The Bennet family receives word from Colonel Forster informing them that Lydia has run off with Wickham.
August 2, 1812
Loud voices and repeated pounding awakened Jane from a deep sleep. It took her a few moments to realize that someone was knocking on the front door. She could distinguish someone speaking from outside as well as her mother’s raised voice from inside the house.
Jane’s heart thundered as she tried to comprehend what could be happening, but whatever it was, she was certain it could not be good.
She peered out her bedroom door to see Kitty scurrying down the stairs. Mary followed close behind, saying, “Oh, dear! I wonder what has happened.”
Jane trembled as she pondered what may have occurred. She put her ear to the door of the room in which the Gardiners’ children were sleeping, and when she was assured they had not been awakened by the disturbance, she followed her sisters downstairs.
The door was closing as they arrived in the hall, and they watched their father hurriedly open the letter that had just come by express.
“Oh, Mr. Bennet! Something dreadful has happened! I am certain of it!”
Jane felt a surge of alarm at the thought that something may have happened to her dear sister. She held her breath, as did the others, while they watched and waited. It seemed an eternity as they awaited Mr. Bennet’s account of the urgent letter or for some sign in his features that might reassure them nothing was terribly wrong.
At length Jane noticed his jaw tighten and face redden. It was a certain sign that he was more angry than grief-stricken. This left Jane somewhat reassured, but confused as to what news the letter contained.
He crumpled the letter in his hand. “Foolish Lydia! What was she thinking?”
Mrs. Bennet drew back. “Lydia? Oh, my heart!” she said, patting her chest. “What has happened to my dear, sweet Lydia?”
Mr. Bennet looked down at his wife. The glow from the candle Mrs. Bennet held painted his face with an eerie distortion. “It is not what happened to her, Mrs. Bennet! It is what she has done!”
“What is it, Papa?” Jane asked, feeling her heart begin to race.
“Imprudent girl! She has run off with Wickham! They stole away together at midnight, leaving behind only a note, which was discovered this morning.” Mr. Bennet shook his head. “Colonel Forster is trying to determine if anyone knew about this. He believes they have gone to Scotland, but…”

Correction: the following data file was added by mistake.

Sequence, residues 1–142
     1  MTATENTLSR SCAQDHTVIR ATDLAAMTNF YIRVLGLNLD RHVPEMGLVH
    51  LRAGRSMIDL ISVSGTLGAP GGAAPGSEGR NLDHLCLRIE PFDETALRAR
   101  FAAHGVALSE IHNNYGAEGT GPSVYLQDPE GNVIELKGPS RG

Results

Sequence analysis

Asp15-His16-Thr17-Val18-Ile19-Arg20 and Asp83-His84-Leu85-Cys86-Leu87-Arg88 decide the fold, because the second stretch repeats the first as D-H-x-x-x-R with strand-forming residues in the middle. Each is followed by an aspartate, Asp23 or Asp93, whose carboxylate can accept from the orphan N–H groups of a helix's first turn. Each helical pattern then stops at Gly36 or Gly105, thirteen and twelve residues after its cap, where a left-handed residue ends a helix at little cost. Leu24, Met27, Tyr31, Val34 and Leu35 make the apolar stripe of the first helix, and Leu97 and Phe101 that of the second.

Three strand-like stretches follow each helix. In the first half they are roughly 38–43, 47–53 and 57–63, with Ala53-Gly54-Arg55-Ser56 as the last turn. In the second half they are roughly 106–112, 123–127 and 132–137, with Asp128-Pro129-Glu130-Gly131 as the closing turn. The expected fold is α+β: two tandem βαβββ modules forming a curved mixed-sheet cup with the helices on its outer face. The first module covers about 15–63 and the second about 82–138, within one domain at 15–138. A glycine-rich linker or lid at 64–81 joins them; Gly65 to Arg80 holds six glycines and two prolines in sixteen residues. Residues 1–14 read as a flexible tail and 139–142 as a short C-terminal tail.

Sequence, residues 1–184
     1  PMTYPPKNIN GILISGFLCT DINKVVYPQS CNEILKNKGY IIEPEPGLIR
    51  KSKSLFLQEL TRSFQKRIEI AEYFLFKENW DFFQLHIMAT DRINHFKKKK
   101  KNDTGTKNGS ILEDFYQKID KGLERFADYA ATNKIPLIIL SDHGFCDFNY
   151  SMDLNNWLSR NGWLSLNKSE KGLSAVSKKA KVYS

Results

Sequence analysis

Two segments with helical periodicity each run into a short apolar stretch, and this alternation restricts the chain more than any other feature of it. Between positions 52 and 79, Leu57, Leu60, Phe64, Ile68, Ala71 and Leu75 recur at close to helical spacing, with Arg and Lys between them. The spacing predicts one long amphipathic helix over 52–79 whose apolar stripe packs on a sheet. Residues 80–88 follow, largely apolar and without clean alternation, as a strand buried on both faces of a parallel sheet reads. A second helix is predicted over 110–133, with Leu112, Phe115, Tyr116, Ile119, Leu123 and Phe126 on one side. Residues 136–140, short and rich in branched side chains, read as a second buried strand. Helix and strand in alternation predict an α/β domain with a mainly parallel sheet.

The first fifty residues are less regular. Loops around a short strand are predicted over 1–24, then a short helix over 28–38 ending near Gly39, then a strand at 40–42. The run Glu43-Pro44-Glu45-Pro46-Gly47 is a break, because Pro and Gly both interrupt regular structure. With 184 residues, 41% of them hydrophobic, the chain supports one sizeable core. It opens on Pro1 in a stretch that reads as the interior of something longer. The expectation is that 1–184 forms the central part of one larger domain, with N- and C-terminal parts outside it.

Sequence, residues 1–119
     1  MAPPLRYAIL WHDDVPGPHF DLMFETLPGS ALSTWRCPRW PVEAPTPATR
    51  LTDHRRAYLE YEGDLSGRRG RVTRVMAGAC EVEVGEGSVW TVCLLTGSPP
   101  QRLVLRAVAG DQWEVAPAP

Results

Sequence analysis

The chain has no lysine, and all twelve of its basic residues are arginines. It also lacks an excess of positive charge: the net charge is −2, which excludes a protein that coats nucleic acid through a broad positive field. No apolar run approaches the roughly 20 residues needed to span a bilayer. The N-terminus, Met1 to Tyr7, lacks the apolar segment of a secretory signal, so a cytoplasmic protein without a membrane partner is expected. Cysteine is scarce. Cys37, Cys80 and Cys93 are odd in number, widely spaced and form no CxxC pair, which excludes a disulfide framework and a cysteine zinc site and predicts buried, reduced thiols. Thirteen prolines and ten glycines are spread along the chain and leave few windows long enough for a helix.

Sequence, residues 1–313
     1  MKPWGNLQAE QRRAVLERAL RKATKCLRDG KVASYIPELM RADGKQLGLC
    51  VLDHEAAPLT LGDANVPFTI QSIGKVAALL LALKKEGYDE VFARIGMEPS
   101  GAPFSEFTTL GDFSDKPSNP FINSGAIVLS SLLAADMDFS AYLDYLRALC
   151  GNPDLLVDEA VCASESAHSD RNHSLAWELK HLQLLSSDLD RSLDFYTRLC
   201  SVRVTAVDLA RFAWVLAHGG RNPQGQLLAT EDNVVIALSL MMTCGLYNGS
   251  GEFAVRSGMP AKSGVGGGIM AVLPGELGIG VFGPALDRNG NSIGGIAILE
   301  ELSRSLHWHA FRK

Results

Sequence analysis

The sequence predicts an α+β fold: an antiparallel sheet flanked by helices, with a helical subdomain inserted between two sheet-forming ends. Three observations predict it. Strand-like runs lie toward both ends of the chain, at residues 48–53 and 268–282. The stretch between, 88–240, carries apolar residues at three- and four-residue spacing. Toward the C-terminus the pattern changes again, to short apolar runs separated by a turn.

“Oh, thank goodness,” Mrs. Bennet clasped her hands together. “They plan to marry. He always liked Lydia so much. He was so attentive to her.”
“My dear Mrs. Bennet, I am certain he has likely been most attentive to her, but I would not wish that sort of attention thrust upon any of my daughters!”
“I know Lydia must be delighted. He was always one of her favourites,” Kitty said meekly.
Jane stepped back, remembering the discussion she and Elizabeth had about the man after Mr. Darcy informed her of his true nature. Her stomach churned as she considered the possibilities, none of which were reassuring. She stole a glance at Kitty, who did not at all seem surprised by the news.
“I do not like the sound of this!” Mr. Bennet said grimly. “There is no guarantee they are to be married, no chaperone for her, and no way to know for certain.”
“But if anything is amiss, the Forsters must be at fault for not protecting her. We must hold them accountable! They must ensure they marry!” Mrs. Bennet’s hands began to shake, and Kitty reached over and took the candle from her.
“Until we know more details, I shall hold Lydia accountable!” Mr. Bennet waved everyone away. “There is nothing we can do about this now. Everyone go back to your beds and try to get some sleep.”
“But how shall I sleep, not knowing what has happened to her?” Mrs. Bennet sobbed. “But they will marry! Certainly they shall marry!”
As they all turned to walk away, Kitty and Mary each took one of their mother’s arms to help her back up to her room. Jane stayed back and took her father’s hand. “Perhaps this is all a misunderstanding.”
Mr. Bennet gave her a half-hearted smile. “Yes, or perhaps we shall all wake up in the morning and find out it was just a terrible dream!” He let out a huff. “But I doubt either of those will prove to be the case!”
Jane gave her father a quick hug and turned to climb the stairs, leaving her father alone. A short while later she heard his study door close.
A tear slipped down Jane’s face as she walked into her room. “Oh, Lizzy!” Jane said in a fervent whisper. “How I wish you were here! There is no one I want by my side at this moment more than you!”
She sat down on the bed and saw the full moon shine onto the letter she had begun earlier to her sister. She rose and lit the candle on her desk and sat down. The next best thing to having Lizzy by her side to talk about all that had happened – all that might have happened – would be to put down her thoughts in a letter to her.
She began writing again, continuing where she left off earlier today.
Since writing the above, dearest Lizzy, something has occurred of a most unexpected and serious nature…